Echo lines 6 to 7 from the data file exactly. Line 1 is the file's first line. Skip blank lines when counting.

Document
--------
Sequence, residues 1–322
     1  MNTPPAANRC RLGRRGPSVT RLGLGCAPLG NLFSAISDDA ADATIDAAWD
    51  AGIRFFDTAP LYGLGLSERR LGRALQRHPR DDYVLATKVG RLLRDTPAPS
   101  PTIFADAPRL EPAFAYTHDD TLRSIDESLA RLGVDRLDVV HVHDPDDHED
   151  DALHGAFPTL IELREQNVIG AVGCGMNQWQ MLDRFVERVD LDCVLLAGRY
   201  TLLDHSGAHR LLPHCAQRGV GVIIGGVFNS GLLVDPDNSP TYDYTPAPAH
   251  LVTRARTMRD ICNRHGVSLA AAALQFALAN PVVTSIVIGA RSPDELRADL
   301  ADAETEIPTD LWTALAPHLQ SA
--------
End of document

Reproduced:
   201  TLLDHSGAHR LLPHCAQRGV GVIIGGVFNS GLLVDPDNSP TYDYTPAPAH
   251  LVTRARTMRD ICNRHGVSLA AAALQFALAN PVVTSIVIGA RSPDELRADL